Presented in St. John’s Central College from Thu 23 January through Thu 3 April


Cork Cine Club presents Season Ten of the best of independent world cinema beginning on Thursday 23 January. Ten films, including one award-winning documentary, will be shown in St. John’s Central College, Sawmill Street, Cork City on Thursdays at 8pm through to 3 April.

The season starts with the taut French colonial flick, Rebellion (L’ordre et la morale, 2012), which Filmuforia calls ‘a hugely intelligent film’.

Equal parts political drama, thriller and war movie, it’s based on the brutal 1988 repression of an indigenous insurrection in the French Pacific island territory of New Caledonia.

The indigenous tribe, the Kanaks, lived by ancient customs and chafed under the erosion of their independence. In the spring of 1988,they attacked a police station, killing four gendarmes who resisted and taking 27 hostages. What began as a confused local incident ended ten days later with a massacre in which two more policemen lost their lives and 19 Kanaks died, a number of whom were executed after their capture.

The film’s central character, sensitively played by director Mathieu Kassovitz (La Haine), is torn between doing what is right and fulfilling his duty as a military man. Elegantly interweaving dialogue and action with archival news footage, Rebellion evolved through long discussion with Kanak islanders – some of whom perform key acting roles – former soldiers and policemen.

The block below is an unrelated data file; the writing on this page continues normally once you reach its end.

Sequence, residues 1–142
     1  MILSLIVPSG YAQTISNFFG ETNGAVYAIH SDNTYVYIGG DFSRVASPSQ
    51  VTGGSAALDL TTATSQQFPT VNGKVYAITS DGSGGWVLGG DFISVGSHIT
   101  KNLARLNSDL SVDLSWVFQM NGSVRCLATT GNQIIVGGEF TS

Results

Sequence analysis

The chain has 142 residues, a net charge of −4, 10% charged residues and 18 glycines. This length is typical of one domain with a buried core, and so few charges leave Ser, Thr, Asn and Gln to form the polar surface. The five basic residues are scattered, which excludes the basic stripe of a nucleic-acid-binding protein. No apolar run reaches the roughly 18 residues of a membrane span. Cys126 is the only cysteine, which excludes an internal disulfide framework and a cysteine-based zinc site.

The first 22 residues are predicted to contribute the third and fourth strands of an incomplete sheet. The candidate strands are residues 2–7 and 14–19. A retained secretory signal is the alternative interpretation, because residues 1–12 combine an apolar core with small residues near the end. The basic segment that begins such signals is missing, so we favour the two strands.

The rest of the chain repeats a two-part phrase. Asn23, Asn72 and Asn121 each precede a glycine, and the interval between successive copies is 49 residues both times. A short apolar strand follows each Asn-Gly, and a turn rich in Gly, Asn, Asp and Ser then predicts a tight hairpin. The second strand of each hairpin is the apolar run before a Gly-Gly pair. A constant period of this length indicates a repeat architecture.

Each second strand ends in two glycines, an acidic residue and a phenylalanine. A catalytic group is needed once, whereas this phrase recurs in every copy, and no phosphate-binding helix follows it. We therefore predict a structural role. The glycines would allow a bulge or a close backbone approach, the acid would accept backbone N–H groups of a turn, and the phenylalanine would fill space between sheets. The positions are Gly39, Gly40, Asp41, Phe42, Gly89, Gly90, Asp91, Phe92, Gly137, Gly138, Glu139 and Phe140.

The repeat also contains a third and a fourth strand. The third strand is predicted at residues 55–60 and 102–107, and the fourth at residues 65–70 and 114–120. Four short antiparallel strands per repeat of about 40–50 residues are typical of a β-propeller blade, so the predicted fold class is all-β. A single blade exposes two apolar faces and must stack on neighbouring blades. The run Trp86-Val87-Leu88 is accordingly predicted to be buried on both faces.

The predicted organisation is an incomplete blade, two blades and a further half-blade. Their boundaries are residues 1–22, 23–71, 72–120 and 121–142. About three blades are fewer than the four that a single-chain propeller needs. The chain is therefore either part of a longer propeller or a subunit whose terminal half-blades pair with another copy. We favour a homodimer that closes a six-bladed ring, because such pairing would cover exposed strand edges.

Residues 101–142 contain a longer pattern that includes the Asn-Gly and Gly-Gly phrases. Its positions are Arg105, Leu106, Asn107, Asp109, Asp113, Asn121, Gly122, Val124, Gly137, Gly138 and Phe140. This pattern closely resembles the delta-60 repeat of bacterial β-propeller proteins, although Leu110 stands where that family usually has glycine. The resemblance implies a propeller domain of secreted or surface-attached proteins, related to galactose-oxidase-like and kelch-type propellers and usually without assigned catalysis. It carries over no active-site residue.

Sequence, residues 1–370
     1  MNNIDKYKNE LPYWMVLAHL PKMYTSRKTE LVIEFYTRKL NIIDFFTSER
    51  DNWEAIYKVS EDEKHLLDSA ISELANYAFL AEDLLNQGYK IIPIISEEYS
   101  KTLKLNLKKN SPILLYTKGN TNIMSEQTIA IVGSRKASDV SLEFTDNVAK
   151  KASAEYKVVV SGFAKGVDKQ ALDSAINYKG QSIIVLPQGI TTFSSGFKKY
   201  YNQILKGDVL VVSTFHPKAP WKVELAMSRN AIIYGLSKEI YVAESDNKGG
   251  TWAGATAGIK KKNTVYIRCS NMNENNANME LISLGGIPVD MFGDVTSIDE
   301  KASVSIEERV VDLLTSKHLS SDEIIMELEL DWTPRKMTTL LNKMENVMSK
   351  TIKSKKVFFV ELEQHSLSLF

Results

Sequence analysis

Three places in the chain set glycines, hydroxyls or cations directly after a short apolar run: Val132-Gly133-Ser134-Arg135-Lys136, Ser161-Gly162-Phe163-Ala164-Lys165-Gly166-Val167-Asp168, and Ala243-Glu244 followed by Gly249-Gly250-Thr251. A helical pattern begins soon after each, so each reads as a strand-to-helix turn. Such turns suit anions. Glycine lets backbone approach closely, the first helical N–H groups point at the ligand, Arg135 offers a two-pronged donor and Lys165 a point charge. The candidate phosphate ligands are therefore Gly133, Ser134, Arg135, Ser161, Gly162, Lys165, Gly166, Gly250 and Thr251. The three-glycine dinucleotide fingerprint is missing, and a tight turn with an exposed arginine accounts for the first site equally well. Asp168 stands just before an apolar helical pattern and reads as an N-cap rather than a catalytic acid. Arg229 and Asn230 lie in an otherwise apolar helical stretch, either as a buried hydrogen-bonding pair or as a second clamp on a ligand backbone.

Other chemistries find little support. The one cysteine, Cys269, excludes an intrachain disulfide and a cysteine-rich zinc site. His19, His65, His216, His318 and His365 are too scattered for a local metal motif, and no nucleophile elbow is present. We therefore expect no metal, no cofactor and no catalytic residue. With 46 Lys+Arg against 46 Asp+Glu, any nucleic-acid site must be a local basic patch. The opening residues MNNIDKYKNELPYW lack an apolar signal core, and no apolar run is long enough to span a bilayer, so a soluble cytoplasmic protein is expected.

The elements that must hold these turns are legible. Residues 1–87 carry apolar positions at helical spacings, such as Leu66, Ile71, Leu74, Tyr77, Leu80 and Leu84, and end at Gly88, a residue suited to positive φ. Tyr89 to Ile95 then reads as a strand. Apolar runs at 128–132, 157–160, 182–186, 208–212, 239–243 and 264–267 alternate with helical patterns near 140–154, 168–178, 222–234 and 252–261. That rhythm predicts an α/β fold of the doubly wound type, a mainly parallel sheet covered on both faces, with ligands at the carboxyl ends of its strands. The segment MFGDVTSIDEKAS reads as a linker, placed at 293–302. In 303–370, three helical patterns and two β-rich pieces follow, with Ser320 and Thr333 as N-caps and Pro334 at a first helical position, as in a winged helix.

New Caledonia’s only cinema operator refused to screen Rebellion, underscoring how the massacre remains one of the most polarizing military actions in the nation’s recent history.

The other films in Season Ten are Shun Li And The Poet (Italy 2011) on Thursday 30 January; Short Term 12 (USA 2013) on 6 February; Gloria (Chile 2012) on 13 February; Wadjda (Saudi Arabia 2012) on 27 February; Out In The Dark (Israel 2012) on 6 March; The Act of Killing (documentary – Indonesia/UK 2012) on 13 March; Night of Silence (Turkey 2012) on 20 March; In The Name Of (Poland 2013) on 27 March; and The Broken Circle Breakdown (Belgium/Netherlands 2012) on 3 April.

Trailers and reviews can be found on, Facebook, Twitter and Youtube. Tickets are sold at the door. Foreign language films are subtitled.

Cine Club membership is included in the ticket price of €8.50/€7. Benefits include invitations to pre-screening wine receptions and the conviviality of sharing a love of world-class cinema. Members often gathering in a local pub for a spirited post-show discussion of the evening’s film.

Cork Cine Club is a volunteer-run organisation whose mission is to give local audiences the chance to see a range of world cinema not usually available on commercial cinema screens. Since its founding in 2010, the Cine Club has offered more than 90 of the best in independent films to Cork cinephiles.
Cork Cine Club is supported by access>CINEMA, a resource organization for regional cultural cinema, and by The Arts Council of Ireland.